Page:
Tackling Life After ALS
Coach Lance McCullah is using the same lessons he gives to his varsity football players to face ALS.
Do what you can for as long as you can do it.
"And when you can't do something you love anymore, figure out a new way to do it," says Lance McCullah.
Lance knows what he's talking about when he offers this advice. He was diagnosed with ALS in 2012, and has been using a wheelchair since 2014. He continued running his construction business as long as he could. He kept traveling worldwide on missionary trips to build schools and churches. On one of his last ones, he and his crew tiled the second floor of a clinic and poured 30 yards of cement for a basketball court. He pulled himself up and down stairs on his belly.
When the working trips became too hard, he kept traveling purely for pleasure with his wife, Leeta.
He's never given up coaching varsity football for Bakersfield High School. He rolls along the sidelines during games, wearing a headset and checking in with players. He's up before dawn to get to practices.
He began coaching for a simple reason—seeing too many kids get burnt out, which turned into them hating sports. Most kids aren't destined to become pros, and he disliked seeing players drop out before they learned everything sports could teach them.
"It teaches you discipline to face adversity," he says. "It teaches you to knuckle down and get it done."
He was the kind of coach who got on the turf and participated in drills. When his ALS progressed and he couldn't get around with a cane anymore, he switched to using a wheelchair. He had to think differently about how to coach. Now, helping to set up drills for practices is part of the players' responsibilities. It's been a useful workaround.
"It's really neat to see them give more of themselves to help somebody," Lance says.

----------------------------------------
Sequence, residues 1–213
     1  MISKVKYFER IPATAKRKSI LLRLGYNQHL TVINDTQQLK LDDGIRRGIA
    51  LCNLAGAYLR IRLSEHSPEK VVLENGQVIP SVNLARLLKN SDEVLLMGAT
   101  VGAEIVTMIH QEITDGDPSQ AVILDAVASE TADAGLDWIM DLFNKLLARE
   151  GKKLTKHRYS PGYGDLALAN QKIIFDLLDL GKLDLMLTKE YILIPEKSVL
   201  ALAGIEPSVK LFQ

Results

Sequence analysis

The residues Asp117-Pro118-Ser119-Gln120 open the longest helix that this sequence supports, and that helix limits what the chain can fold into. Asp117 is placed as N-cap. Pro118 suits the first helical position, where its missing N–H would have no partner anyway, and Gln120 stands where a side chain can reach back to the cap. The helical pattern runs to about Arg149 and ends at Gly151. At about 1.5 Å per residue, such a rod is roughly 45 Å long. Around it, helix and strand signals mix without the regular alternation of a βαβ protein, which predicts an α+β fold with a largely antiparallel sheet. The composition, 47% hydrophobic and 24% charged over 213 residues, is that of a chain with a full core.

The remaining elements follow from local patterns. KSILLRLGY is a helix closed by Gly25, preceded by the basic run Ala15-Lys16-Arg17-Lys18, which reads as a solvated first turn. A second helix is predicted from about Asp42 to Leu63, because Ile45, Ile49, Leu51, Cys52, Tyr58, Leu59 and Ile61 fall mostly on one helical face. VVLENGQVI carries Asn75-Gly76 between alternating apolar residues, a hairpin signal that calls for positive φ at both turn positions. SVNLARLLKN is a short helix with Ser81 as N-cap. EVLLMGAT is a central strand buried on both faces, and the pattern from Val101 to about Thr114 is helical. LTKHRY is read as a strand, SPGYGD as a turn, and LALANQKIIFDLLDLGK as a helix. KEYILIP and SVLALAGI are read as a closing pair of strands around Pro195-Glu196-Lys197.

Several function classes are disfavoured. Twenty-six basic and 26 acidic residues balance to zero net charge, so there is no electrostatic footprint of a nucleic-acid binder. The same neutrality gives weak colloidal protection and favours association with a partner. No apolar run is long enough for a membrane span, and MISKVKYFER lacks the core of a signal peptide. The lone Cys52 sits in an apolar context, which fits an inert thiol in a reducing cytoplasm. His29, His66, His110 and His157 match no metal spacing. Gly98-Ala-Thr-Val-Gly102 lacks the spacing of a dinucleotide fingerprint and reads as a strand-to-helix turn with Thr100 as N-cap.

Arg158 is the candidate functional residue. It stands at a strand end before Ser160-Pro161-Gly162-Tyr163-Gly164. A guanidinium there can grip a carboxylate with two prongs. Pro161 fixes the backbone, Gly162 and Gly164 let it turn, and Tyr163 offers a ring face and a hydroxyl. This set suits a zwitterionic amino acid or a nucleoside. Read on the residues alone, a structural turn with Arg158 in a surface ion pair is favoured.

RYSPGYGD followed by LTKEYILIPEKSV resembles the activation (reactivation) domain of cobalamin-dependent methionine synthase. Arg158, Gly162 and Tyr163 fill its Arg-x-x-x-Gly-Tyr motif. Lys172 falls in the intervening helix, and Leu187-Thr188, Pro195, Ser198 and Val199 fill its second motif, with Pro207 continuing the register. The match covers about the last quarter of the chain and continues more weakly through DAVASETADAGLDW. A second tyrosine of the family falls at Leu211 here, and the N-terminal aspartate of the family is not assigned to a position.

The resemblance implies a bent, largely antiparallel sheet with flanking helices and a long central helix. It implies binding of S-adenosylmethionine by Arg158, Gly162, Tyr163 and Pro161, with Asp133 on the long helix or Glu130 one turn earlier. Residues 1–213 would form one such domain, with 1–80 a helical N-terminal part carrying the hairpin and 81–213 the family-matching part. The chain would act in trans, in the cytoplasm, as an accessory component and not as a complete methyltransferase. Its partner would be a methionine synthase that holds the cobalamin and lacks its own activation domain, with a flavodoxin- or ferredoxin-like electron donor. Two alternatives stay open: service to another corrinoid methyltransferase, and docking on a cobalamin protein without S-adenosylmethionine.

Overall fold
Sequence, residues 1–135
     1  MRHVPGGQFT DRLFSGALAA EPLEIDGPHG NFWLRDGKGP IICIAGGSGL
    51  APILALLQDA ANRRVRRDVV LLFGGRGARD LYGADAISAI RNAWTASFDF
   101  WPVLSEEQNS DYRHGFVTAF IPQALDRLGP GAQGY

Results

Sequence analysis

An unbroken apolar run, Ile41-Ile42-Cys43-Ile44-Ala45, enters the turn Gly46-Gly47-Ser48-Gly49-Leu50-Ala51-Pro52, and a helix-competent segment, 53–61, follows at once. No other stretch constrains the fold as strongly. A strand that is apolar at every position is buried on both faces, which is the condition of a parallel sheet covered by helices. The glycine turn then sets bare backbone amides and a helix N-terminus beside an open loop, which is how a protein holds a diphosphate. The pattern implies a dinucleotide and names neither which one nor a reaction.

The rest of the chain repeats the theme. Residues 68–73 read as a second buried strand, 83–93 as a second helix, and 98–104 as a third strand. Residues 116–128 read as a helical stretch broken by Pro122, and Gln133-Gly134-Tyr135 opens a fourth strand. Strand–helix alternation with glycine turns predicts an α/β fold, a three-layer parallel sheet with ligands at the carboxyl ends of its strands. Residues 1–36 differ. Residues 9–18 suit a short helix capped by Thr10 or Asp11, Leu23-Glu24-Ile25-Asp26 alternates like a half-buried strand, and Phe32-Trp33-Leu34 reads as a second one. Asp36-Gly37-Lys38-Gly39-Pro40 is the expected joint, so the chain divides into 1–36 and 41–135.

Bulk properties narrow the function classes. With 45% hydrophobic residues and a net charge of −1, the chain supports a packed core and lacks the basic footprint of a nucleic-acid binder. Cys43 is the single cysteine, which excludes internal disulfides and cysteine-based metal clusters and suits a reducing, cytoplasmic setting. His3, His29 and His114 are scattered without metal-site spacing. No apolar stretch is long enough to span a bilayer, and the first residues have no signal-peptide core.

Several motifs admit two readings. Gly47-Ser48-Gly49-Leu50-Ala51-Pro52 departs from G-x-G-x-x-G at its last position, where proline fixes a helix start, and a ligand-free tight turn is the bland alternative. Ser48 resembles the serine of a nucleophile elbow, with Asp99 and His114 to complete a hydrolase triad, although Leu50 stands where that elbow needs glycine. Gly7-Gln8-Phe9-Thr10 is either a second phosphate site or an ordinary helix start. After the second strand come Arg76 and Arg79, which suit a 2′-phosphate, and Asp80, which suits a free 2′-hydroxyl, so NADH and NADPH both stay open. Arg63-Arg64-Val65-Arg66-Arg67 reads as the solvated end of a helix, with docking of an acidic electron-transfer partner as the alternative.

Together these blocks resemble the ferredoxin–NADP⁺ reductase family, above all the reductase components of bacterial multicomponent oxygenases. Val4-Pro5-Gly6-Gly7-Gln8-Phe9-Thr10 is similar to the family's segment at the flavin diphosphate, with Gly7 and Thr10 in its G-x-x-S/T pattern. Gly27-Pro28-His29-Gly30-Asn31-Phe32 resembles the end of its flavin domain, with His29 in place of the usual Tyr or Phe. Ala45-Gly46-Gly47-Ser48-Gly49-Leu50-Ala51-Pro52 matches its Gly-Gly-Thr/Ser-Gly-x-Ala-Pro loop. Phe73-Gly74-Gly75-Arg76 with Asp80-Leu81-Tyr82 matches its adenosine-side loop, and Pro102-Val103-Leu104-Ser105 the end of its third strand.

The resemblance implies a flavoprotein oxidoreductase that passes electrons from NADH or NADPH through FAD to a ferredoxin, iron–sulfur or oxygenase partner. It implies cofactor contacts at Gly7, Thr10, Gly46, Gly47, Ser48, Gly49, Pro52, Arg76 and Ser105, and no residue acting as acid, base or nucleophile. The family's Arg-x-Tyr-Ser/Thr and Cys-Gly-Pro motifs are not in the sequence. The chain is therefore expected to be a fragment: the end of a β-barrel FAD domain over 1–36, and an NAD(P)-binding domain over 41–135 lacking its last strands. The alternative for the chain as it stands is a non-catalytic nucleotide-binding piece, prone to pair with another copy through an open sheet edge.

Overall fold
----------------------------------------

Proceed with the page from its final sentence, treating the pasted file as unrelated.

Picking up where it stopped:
He's become a similar kind of coach to his local ALS community in Bakersfield. A support group of ALS patients and their loved ones meets monthly. The meetings are slated for an hour, but it's not unusual for them to go on for 2 or 3. Lance and his wife, Leeta, have become the group's senior members. Their approach as a couple is pragmatic, and boils down to a few guiding principles:
- Get off the internet.
- Don't be isolated.
- Figure out how to make this work.
The advice goes for caregivers as well as patients.
"The disease is progressive and changes weekly, sometimes daily," says Leeta, who's been married to Lance 37 years. "Do what you can now, and don't wait."
For Lance, in addition to football, that means spending lots of time with his 3 children and 2 grandchildren. The little ones call him "Papa Coach," and climb on to his chair for rides.
Lance lives in Bakersfield, but travels regularly to Cedars-Sinai for appointments and treatment. One reason is the hope that the data about how his disease is progressing will help patients in the future. He says the staff is the other reason he makes the long trip.
"Every one of them asks how football's going," he says. "They know me."
They're the kind of people he hopes his players will grow into because they express genuine interest in what's important to others.
These wins are the ones that matter most to Lance, for his players and himself—even more than the state championship the team won the year after his diagnosis.
"What I want them to say about me is, 'That's the coach who cared about the kind of person I was going to become,'" he says. "They've taught me to rethink what I do, and how to plan more. That's what it's about—working as a team and relying on other people to help achieve your goal."
He started coaching with a philosophy in mind. Now, it applies off the field as much as it does in the heat of the game. Enjoy the time you have to play today.